FROM: J Manipulative Physiol Ther 2004 (Jun); 27 (5): e7 ~ FULL TEXT
Private practice of chiropractic neurology,
George W. Kukurin, DC, DACAN,
2415 Sarah Street,
Pittsburgh, PA 15203
OBJECTIVE: To describe the chiropractic management of a patient with paresthesia on the entire left side of her body and magnetic resonance imaging (MRI)-documented cervical spinal cord deformation secondary to cervical spinal stenosis.
CLINICAL FEATURES: A 70-year-old special education teacher had neck pain, headaches, and burning paresthesia on the entire left side of her body. These symptoms developed within hours of being injured in a side-impact motor vehicle accident. Prior to her visit, she had been misdiagnosed with a cerebrovascular accident.
INTERVENTION AND OUTCOMES: Additional diagnostic studies revealed that the patient was suffering from cervical spinal stenosis with spinal cord deformation. Two manipulative technique systems (Advanced Biostructural Therapy and Atlas Coccygeal Technique) unique to the chiropractic profession and based on the theory of relief of adverse mechanical neural tension were administered to the patient. This intervention provided complete relief of the patient's complaints. The patient remained symptom-free at long-term follow-up, 1 year postaccident.
CONCLUSION: There is a paucity of published reports describing the treatment of cervical spinal stenosis through manipulative methods. Existing reports of the manipulative management of cervical spondylosis suggest that traditional manual therapy is ineffective or even contraindicated. This case reports the excellent short-term and long-term response of a 70-year-old patient with MRI-documented cervical spinal stenosis and spinal cord deformation to less traditional, uniquely chiropractic manipulative techniques. This appears to be the first case (reported in the indexed literature) that describes the successful amelioration of the symptoms of cervical spinal stenosis through chiropractic manipulation. More research into the less traditional chiropractic systems of spinal manipulation should be undertaken.
From the Full-Text Article:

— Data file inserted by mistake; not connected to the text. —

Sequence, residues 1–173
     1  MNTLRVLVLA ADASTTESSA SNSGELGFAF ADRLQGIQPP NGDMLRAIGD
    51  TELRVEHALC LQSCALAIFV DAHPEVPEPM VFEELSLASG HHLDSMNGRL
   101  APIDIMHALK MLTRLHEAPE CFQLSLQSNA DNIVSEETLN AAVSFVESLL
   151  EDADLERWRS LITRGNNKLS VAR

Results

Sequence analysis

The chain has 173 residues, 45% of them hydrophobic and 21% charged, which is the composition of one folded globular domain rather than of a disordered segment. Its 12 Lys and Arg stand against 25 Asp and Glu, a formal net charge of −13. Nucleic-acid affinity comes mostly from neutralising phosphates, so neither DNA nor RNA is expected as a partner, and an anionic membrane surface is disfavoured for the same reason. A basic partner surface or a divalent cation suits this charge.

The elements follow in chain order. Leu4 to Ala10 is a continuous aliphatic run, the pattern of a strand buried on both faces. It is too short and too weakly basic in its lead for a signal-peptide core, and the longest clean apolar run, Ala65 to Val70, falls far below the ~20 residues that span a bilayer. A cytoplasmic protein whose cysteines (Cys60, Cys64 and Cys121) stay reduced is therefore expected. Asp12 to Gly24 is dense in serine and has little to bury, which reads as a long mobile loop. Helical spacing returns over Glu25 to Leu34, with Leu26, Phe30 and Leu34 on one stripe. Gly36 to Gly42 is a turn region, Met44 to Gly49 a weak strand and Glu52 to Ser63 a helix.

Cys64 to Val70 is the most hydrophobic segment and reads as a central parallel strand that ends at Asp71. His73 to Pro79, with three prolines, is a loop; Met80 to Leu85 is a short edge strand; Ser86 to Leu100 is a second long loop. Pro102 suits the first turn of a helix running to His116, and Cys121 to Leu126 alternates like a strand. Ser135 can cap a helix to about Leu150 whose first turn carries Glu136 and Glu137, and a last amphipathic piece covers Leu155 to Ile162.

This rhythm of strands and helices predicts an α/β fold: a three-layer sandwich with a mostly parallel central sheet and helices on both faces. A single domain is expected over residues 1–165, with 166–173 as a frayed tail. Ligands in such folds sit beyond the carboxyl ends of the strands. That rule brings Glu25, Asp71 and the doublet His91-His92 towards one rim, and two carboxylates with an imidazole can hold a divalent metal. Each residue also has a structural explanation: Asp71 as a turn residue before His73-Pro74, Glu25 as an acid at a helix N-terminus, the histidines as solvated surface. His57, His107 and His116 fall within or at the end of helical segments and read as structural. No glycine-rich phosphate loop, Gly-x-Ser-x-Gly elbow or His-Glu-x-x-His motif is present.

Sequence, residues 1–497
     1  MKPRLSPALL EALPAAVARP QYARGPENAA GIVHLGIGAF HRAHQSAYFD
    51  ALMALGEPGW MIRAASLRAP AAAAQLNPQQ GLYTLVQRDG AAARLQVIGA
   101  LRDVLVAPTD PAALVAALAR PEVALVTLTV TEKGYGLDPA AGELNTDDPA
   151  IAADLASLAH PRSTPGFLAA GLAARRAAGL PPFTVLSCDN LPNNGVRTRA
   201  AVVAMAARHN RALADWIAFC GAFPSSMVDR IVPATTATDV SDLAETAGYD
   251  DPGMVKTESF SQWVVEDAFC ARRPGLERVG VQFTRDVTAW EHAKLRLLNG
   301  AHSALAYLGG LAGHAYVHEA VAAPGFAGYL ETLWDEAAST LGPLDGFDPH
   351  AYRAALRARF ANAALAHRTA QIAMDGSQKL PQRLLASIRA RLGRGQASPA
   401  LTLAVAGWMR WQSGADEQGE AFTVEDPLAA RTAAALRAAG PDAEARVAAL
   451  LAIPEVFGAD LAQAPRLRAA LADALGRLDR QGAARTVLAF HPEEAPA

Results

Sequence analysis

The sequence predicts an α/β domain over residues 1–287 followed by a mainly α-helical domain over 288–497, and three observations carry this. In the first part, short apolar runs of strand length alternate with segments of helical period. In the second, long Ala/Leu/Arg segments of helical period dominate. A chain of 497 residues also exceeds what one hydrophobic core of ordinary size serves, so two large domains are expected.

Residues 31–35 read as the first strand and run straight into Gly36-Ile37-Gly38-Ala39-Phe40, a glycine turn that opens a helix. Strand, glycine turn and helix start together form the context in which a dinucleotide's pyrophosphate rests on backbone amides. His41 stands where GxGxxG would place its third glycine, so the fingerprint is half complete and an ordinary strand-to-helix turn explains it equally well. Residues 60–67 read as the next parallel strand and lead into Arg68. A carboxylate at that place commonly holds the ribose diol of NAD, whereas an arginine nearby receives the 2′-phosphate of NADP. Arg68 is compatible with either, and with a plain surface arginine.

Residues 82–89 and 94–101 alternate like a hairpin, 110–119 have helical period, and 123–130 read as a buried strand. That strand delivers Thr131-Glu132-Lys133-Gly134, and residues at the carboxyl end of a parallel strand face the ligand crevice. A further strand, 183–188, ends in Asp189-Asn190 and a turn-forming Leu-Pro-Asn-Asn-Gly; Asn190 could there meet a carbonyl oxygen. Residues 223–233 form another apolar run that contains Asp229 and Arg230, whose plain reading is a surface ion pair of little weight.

The exact mechanism by which the signs and symptoms in CSS are generated is controversial. The 2 most prominent theories are direct compression of the neural elements at the stenotic spinal level and tension within the neuroaxis transmitted from the spinal column to the neural tissues through various soft tissue supporting structures.  The clinical picture is further complicated because the neurological insult may be from direct pressure on the neural elements or produced indirectly through compression of vascular elements.  The emerging model is one of a multifactorial causation, with each patient having a unique combination of neural pressure and tension, as well as vascular compromise. The 2 manipulative procedures administered to this patient are based on theories derived from the known interrelationship between the bony spinal column (posture) and the response of the neural elements to these postures. Based on the MRI data of Muhle,  it does seem plausible that in at least some patients with CSS, an abnormal resting posture may increase compression of the neural elements. Unfortunately, without a posttreatment MRI in this case, it is impossible to determine if the chiropractic procedures employed actually reduced neural element impingement. Other explanations for the clinical recovery seen in this patient, such as effects of mechanoreceptor stimulation, are possible. Reflex pain inhibition following mechanoreceptor stimulation has been well documented.  However, unlike its known effects on pain modulation, it is unclear if mechanoreceptor stimulation can alter what appears to be, in this case, centrally generated paresthesia. Furthermore, it is doubtful that a short course of mechanoreceptor stimulation (if it can modulate paresthesia) could provide the long-lasting suppression of symptoms seen in this case. Spontaneous recovery is another possibility; however, even with surgical intervention, it appears that the long-term prognosis of patients with CSS is only modest. A large number of patients tend to deteriorate after an initial phase of improvement. [12, 14] However, a controlled trial with a larger number of patients would be needed to rule out spontaneous recovery. The growing availability of weight-bearing and dynamic MRI studies like the ones described by Muhle  may provide the technology needed to better understand the pathophysiology of CSS. These imaging techniques may also provide a valuable tool with which to assess various chiropractic techniques. Further study utilizing emerging imaging and other noninvasive technology may help to explain the clinical improvement frequently reported in chiropractic patients and help to identify the mechanisms responsible for this improvement.
Resolution of the signs and symptoms of cervical stenosis with MRI-documented spinal cord compression through chiropractic techniques is reported. This case suggests the need for more research into the less traditional chiropractic techniques. More research is needed to identify the exact mechanisms of neurological insult seen in cervical spinal stenosis. Better understanding of the pathophysiology of this condition may lead to novel conservative approaches to treatment.